News Article

Austin logistics startup Convey lands millions to break into new markets

The company, which makes software to help online retailers with shipping logistics, will pursue markets including construction and medical devices.

Austin-based Convey, a logistics startup which makes software to help online retailers with shipping logistics, has raised $8.25 million to break into new markets.

Convey received the funding from Techstars Venture Capital Fund, RPM Ventures and other investors. The latest round brings the company’s total funding to $15.75 million.

The company has focused on changing the way online retailers handle deliveries. It says its software makes it easier for customers to track orders and communicate with retailers, while providing retailers with information they need to solve potential problems before they happen.

Convey does not disclose financial information, but said it has already exceeded total bookings from 2016, representing a 340 percent year-over-year increase to date.

Customers include, BuildDirect, Power Equipment Direct and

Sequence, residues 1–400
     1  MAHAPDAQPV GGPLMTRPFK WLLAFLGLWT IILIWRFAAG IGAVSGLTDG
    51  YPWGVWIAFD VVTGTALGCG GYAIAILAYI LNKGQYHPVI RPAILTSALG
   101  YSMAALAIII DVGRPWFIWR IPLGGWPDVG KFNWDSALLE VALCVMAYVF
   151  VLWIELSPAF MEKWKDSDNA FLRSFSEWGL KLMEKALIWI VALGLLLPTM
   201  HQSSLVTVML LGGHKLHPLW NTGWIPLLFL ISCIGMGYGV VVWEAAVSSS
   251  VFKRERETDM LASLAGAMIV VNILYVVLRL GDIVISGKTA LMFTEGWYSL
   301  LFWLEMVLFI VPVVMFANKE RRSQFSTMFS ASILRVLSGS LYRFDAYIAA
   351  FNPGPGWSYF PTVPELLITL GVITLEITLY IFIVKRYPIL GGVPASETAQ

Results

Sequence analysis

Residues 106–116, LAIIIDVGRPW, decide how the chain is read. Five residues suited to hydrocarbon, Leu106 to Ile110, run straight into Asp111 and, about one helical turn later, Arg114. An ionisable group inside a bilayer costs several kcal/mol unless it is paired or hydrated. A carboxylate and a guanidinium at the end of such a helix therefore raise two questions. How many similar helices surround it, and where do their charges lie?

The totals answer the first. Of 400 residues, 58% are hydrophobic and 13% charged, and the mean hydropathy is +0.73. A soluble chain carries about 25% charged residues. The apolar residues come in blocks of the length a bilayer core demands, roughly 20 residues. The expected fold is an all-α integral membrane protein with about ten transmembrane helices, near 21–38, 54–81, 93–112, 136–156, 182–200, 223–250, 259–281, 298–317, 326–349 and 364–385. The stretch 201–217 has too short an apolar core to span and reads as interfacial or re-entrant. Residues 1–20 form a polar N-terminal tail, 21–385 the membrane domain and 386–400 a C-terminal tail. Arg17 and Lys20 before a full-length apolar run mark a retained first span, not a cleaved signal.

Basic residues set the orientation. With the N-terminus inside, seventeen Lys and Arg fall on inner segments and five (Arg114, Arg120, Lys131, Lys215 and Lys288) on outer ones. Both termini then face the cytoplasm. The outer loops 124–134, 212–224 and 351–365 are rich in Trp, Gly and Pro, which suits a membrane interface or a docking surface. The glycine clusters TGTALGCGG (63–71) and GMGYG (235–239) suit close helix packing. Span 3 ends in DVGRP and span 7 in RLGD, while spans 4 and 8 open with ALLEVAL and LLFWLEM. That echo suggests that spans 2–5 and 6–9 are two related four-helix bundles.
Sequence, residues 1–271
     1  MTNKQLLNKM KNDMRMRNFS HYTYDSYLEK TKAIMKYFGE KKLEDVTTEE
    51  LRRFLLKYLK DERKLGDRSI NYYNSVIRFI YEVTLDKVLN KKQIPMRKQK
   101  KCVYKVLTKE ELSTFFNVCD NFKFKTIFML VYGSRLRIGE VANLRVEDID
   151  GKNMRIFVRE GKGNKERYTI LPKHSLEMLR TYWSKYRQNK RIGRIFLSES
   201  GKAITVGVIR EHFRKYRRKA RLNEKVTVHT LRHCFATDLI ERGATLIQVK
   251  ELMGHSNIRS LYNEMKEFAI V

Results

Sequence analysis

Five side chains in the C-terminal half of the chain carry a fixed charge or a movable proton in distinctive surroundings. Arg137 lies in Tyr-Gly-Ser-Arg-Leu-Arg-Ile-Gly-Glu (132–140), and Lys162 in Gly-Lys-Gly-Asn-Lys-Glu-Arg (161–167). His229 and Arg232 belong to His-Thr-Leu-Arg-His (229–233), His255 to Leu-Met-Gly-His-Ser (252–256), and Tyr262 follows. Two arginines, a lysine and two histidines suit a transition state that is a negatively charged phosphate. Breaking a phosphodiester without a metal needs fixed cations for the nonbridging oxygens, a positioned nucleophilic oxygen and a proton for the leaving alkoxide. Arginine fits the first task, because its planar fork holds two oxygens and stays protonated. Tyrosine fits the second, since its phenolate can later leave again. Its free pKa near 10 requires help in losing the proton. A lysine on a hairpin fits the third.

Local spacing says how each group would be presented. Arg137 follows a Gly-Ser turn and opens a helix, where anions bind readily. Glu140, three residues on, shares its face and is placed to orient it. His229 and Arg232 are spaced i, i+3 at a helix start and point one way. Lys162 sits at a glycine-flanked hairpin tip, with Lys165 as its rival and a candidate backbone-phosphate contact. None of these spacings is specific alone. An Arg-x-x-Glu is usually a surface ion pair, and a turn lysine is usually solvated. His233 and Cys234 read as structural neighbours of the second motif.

Now Convey is ready to break into new markets beyond retail, including construction and building materials, medical devices and pharmaceuticals.

Convey’s software will help companies in those industries connect the dots between customers, shippers and carriers to improve the delivery experience, Taylor said.

Convey also recently signed an agreement with Ingram Micro Commerce & Fulfillment, a global commerce and logistics provider, to integrate its software with Ingram’s fulfillment systems.

“Our early momentum in 2017 is a direct result of the shifting tide in today’s supply chain operations — from a core focus on cost efficiency to customer-centric decisions designed to create better outcomes,” Taylor said in a written statement.

“This latest funding will allow us to pursue new opportunities that help the world’s largest retailers, manufacturers and third-party logistics reinvent and grow their businesses.”

Convey has 25 employees and is hiring in areas including engineering, sales and client services. The company plans to grow to 45 workers by the end of the year.

This article was originally published in the Austin Statesman on September 6, 2017, and it was written by Lori Hawkins. 

Read the story here.